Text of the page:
Work in recruitment? Search Twitter for ‘job [your location]’ to discover potential job seekers. Or how about searching for ‘recommend [product type]’ or ‘recommend [service you offer]’ to find people searching for your offering. Set these columns up in TweetDeck and check in throughout the day for potential opportunities to give advice or offer your services. Just don’t be all salsey and in people’s face. You want to come off as helpful and generous with your knowledge. Building trust around your brand is key, so when you’re thinking about how to use Twitter for you business, make sure your strategy evolves around cultivating relationships.
Double check your hashtags
Hashtags should generally be used in 1 of 4 ways: to have more people discover your content (popular hashtags), to participate in a wider conversation, collate content around a theme, event or campaign (branded hashtags) or for entertainment where they’re far too long to ever be used, but that’s partly the joke.
Sometimes, what feels like should be a commonly used hashtag sadly isn’t, so it always pays to double check. Hashtagify is a useful tool for this, but you can also search for your hashtag in Twitter and select ‘latest tweets’ to get an idea of how often it’s used. If it’s not used frequently it’s unlikely to benefit you, but also be mindful of excessively popular hashtags as your tweets may get drowned out.
If you’re wanting a branded hashtag, perhaps for an event, be sure to check it hasn’t been used elsewhere. Awkwardly one of our competitor’s hashtags for an event was also used by Linkin Park fans, combining 2 very different topics. As well as being unique make sure it’s also succinct to allow users to make the most of their remaining characters.
Pin your most important tweets
Pinning tweets can be an easy win in highlighting your priority content to your audience. However, ensure you update this regularly. It’s easy to think a pinned tweet is the most recent post and people may mistakenly think you haven’t tweeted in months and unfollow. Take a moment to double check any pinned tweet is relevant and recent, or add a pin if you haven’t already.
Review your automation tools
Not all Twitter tools were created equal. One of my major pet peeves is seeing automated tweets along the lines of ‘thanks @newfollower for following. Want this FREE>> [spammy link]’ – who has ever seen this and felt like they’d genuinely been engaged with? Either thank followers manually and personally or don’t at all. Same goes for ‘my most engaged followers of the week’ and automated #followfriday tweets. Building real relationships will get far better results than generic automated posts. Note Twitter is also penalising bots, so you could find yourself in hot water using certain tools. Platforms are always tweaking their algorithms, so how you use Twitter for your business in 2018 may be very different from how you use it next year.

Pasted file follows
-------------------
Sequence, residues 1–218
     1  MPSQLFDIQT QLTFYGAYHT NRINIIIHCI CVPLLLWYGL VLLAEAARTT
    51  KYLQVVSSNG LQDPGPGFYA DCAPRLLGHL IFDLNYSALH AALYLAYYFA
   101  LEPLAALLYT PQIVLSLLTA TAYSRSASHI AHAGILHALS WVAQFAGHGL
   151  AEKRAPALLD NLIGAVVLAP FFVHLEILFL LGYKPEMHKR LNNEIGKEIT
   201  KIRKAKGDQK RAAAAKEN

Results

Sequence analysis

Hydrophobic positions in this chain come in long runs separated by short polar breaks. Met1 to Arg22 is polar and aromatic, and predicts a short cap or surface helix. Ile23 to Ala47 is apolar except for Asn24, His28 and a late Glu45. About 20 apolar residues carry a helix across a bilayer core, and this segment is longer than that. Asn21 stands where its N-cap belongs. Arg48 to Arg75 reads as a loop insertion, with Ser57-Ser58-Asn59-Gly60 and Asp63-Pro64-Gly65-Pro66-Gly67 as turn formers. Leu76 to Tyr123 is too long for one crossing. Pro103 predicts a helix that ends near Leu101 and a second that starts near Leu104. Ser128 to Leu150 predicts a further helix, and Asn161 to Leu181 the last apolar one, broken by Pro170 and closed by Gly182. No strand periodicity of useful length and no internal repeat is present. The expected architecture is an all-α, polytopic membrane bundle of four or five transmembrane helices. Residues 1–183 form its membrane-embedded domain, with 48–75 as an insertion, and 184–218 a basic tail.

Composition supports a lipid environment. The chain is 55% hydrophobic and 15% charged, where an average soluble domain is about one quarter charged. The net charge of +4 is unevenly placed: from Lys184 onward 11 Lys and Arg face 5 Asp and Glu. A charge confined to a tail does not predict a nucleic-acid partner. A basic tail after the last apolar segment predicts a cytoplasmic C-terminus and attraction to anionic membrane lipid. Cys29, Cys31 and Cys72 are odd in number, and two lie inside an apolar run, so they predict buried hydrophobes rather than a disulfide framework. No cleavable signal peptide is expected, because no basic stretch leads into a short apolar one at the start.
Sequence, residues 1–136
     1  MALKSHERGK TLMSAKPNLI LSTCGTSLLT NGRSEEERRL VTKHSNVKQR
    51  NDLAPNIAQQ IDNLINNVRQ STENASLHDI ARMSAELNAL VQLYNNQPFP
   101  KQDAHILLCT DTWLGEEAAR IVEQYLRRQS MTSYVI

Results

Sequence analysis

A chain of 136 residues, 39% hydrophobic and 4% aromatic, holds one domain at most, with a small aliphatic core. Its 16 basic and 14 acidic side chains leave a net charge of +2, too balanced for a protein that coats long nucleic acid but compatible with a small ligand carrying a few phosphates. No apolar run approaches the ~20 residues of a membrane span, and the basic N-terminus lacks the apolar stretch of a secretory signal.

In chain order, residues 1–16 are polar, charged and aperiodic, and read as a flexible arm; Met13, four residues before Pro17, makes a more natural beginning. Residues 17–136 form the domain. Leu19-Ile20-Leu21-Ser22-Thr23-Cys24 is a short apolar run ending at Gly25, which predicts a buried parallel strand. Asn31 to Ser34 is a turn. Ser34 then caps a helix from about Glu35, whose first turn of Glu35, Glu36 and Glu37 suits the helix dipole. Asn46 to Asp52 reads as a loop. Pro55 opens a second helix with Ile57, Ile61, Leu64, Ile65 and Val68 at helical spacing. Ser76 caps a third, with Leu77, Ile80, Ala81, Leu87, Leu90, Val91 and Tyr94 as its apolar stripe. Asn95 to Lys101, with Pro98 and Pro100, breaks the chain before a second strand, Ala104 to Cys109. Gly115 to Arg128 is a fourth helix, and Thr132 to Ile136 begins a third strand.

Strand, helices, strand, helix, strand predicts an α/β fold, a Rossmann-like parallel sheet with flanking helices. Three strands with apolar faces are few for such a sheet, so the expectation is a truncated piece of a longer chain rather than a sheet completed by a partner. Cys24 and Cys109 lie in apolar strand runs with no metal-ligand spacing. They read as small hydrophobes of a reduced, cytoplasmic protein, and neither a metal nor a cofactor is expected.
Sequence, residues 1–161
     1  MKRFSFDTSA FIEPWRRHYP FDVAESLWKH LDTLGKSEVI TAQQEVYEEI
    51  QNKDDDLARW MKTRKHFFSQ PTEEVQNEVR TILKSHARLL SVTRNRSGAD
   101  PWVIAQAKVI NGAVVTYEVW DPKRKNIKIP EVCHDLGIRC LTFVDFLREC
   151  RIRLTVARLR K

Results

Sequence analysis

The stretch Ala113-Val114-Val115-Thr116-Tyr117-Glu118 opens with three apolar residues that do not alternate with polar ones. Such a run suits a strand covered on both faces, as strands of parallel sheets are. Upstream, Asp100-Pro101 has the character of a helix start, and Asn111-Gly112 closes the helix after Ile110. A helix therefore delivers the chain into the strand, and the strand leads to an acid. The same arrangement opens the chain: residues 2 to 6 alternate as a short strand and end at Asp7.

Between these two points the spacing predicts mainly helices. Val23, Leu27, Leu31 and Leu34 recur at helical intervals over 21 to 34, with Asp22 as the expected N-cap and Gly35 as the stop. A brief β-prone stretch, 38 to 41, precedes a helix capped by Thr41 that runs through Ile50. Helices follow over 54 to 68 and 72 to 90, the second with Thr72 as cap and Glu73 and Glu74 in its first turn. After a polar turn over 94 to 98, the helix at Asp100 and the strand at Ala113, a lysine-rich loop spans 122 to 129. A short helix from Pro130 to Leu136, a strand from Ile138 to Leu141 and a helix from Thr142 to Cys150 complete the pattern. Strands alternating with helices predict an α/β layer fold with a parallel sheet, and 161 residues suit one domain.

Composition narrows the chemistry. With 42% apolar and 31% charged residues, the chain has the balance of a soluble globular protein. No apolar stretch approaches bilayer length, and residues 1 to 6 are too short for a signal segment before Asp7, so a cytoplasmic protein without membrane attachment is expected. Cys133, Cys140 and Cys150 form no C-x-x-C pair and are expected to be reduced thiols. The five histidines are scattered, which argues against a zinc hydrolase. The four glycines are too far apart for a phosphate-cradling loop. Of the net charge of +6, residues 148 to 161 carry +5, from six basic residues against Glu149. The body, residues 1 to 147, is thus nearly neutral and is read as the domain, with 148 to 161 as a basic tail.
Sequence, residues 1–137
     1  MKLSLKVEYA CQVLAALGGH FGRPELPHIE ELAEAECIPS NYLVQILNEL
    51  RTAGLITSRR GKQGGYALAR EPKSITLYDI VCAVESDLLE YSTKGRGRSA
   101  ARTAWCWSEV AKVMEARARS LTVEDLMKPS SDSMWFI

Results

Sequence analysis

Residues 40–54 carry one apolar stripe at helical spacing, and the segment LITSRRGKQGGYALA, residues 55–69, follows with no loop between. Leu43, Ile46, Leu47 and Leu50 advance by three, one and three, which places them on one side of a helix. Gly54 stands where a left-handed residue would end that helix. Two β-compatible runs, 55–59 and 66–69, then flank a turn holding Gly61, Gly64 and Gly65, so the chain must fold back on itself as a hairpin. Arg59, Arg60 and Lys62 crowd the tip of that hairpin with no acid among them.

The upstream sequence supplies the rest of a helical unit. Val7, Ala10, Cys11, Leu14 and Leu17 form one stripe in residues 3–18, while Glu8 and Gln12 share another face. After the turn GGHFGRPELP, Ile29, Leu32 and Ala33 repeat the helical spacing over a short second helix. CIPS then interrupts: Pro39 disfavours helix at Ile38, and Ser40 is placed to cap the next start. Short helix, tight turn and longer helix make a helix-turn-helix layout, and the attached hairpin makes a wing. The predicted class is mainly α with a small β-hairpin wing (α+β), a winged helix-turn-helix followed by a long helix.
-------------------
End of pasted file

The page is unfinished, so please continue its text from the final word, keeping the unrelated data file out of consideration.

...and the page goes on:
Monitor the changes
If you haven’t already, I highly recommend taking a look at Twitter Analytics. It’s great for seeing which tweets have worked best in terms of clicks, retweets and likes, among other metrics, as well as monitoring changes in your following. Have a look at your typical number of retweets, likes and reach (how many people saw your post) and keep checking back to see if these increase after you use some of the above tips.
If you want to learn more about the strategies we’ve mentioned, don’t hesitate to get in touch. Every brand is unique, so when you’re looking for how to use Twitter for your business, make sure it’s not the same as everyone’s else feed. Here at Luku, we’ll help you stand out and resonate with your target audience. You can also follow us on Twitter to find more social media marketing advice. We’ll also help you stay on top of the latest trends and major social media updates.